Trader Joe’s, the popular California specialty grocery store chain known for its exotic atmosphere and eclectic product mix, will open next year in Acadian Village at Perkins Road and Acadian Thruway.
Alison Mochizuki, director of national publicity for the Monrovia, Calif.-based company, said she could not give a more specific time frame.
However, Acadian Village owner Commercial Properties Realty Trust has said previously that a 54,000-square-foot building at the site will open in the fall of 2013.
The 13,000-square-foot Trader Joe’s going into the building will be the specialty grocers’s first location in Louisiana, the company said.
Commercial Properties knew landing Trader Joe’s would please Baton Rougeans who have become fans of the store after visiting locations in other cities, Marketing Director Tina Rance said.
“We just want to say how excited we are to play a part in bringing Trader Joe’s to Baton Rouge,” she said. “We think this is great for Baton Rouge, not just that another great national chain is coming here, but a very unique one.”
Mochizuki would not say how many people the store will employ, though she said most positions will be filled locally.
Trader Joe’s started as a handful of southern California convenience stores in 1958, but had transformed into a chain of wine and cheese shops within a decade, according to information supplied by the company. In the years since, Trader Joe’s evolved into the specialty grocery store chain it is today and now has 370 stores in 33 states.
Trader Joe’s employees wear Hawaiian shirts and the stores’ décor includes cedar-covered walls and tropical motifs “combined with a local flair that includes art celebrating the neighborhood.”
Trader Joe’s seeks out specialty items not from distributors, but manufacturers in the U.S. and abroad, and sells more than 1,000 of them under the Trader Joe’s label.
“All our private label products have their own ‘angle,’ i.e., vegetarian, Kosher, organic or just plain decadent, and all have minimally processed ingredients,” the company said.
The stores sell “foods and beverages ranging from the everyday to the exotic,” including fresh-baked artisan breads, Arabica bean coffees, international frozen entrées, 100 percent juices, nuts, deli items, and vitamins and supplements.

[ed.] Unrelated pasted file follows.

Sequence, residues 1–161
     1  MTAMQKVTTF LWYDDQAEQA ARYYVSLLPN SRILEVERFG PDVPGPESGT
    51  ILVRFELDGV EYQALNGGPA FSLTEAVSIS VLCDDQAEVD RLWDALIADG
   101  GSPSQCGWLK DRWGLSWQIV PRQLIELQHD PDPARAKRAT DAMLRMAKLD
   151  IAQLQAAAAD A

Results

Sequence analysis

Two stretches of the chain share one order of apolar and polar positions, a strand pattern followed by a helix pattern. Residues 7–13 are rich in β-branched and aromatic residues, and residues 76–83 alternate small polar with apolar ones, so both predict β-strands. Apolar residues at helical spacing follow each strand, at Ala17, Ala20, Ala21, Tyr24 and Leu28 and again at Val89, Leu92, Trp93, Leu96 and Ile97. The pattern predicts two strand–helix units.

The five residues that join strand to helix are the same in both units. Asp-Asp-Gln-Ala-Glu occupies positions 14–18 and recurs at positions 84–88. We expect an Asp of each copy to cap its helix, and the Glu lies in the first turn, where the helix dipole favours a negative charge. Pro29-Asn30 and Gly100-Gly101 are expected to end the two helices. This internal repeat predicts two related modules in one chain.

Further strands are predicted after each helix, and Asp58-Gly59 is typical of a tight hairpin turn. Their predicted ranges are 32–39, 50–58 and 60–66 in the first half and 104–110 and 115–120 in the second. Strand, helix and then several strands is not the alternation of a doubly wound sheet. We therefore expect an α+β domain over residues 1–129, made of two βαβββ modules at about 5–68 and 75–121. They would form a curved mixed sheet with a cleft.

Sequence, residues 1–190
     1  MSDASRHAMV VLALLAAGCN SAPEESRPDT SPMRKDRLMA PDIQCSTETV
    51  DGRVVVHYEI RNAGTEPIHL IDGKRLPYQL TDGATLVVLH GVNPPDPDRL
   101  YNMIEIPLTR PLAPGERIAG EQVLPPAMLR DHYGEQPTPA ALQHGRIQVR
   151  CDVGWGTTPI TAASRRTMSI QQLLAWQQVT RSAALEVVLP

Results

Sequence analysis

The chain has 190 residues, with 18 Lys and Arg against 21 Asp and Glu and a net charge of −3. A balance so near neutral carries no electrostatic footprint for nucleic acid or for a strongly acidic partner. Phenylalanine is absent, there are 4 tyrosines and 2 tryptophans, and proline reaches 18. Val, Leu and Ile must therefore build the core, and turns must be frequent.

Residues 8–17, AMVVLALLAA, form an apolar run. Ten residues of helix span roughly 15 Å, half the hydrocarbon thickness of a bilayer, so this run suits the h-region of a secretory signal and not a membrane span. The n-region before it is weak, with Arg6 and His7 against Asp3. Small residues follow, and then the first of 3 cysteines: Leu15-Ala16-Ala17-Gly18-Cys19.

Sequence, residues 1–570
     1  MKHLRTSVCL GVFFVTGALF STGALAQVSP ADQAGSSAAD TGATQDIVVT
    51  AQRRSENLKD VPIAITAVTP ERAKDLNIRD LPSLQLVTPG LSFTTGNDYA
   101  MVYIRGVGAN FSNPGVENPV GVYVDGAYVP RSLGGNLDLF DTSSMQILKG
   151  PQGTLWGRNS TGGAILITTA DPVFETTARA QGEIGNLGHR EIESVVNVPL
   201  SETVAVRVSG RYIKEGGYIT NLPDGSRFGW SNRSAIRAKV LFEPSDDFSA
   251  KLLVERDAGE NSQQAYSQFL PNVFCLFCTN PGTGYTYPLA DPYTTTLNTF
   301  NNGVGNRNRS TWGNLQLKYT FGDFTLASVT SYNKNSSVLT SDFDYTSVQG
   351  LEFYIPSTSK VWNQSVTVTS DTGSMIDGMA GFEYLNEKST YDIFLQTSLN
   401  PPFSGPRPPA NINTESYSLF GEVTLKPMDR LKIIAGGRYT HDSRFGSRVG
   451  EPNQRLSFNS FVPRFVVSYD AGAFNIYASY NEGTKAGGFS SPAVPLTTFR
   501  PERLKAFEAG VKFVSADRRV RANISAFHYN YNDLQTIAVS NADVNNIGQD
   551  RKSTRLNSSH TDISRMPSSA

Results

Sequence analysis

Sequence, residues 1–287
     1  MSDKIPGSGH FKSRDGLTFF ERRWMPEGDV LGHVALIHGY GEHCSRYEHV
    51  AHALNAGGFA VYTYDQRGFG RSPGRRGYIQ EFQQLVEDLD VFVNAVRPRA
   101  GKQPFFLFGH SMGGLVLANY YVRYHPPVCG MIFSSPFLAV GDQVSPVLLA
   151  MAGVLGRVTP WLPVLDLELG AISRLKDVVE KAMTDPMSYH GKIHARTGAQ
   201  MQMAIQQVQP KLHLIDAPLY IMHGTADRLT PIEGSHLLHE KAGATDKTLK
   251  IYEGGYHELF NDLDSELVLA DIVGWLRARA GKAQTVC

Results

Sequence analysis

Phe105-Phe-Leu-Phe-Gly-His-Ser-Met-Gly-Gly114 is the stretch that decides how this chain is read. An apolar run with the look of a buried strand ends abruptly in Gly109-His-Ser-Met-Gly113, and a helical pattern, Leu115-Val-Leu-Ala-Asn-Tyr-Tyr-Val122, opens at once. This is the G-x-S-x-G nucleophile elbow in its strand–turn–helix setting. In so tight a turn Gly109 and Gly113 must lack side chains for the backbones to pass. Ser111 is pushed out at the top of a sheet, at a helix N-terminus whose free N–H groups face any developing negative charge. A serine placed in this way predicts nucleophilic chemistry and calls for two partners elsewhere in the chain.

“In order for an item to be sold in a Trader Joe’s store, it must pass the scrutiny of a discerning tasting panel,” the company said.
“Thousands of items are tasted each year to find products that … appeal to the culinary adventurer and microwave aficionado.”
Trader Joe’s said it doesn’t have sales, opting for the “everyday low price” model instead.
“Whenever possible, we buy direct from manufacturers in large volume,” a company fact sheet states.
“We bargain hard and manage our costs carefully. We pay in cash, and on time, so our suppliers like to do business with us.”
Trader Joe’s distributes its “Fearless Flyer” to customer mailboxes, touting new products — about a dozen every week — that the company thinks are worthy of customer interest.
Trader Joe’s is part of the larger redevelopment of Acadian Village.
After the Wal-Mart there was torn down, Commercial Properties, which manages the real estate assets of the Baton Rouge Area Foundation, brought in Acme Oyster House.
It recently broke ground on the new 6,000-square-foot Galatoire’s restaurant, which will open in December.
Galatoire’s and Trader Joe’s are part of the $18 million first phase of the 12-acre development.
No other tenants have been named for the 54,000-square-foot building, though Commercial Properties has said that all but 20,000 square feet are under contract with restaurant and boutique retail operators.